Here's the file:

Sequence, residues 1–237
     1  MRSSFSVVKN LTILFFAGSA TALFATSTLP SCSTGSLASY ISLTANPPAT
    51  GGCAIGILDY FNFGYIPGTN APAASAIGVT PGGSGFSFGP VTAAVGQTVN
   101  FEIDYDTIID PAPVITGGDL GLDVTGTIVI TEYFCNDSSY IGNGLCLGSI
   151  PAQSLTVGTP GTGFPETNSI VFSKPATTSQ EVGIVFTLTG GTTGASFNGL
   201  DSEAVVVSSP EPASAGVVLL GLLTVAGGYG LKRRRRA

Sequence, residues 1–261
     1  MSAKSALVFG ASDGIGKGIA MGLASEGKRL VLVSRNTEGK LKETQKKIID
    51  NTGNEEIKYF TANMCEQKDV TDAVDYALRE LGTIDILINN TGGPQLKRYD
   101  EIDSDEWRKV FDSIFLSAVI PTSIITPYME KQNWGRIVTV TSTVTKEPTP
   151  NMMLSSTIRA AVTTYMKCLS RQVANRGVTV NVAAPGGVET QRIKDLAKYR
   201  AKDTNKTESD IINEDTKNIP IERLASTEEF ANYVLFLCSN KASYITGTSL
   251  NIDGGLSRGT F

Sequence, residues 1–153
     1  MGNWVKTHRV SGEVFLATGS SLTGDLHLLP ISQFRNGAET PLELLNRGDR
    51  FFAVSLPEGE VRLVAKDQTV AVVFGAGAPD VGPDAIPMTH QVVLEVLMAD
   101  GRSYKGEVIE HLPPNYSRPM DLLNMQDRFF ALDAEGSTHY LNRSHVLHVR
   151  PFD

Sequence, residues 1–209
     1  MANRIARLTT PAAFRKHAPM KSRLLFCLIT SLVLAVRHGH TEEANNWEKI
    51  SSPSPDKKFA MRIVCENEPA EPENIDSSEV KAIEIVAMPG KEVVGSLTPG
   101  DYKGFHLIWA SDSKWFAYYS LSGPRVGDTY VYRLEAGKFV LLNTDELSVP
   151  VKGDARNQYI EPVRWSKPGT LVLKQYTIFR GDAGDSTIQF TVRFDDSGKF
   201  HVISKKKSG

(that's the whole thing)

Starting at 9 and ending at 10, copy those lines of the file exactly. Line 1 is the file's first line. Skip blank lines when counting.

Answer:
    51  NTGNEEIKYF TANMCEQKDV TDAVDYALRE LGTIDILINN TGGPQLKRYD
   101  EIDSDEWRKV FDSIFLSAVI PTSIITPYME KQNWGRIVTV TSTVTKEPTP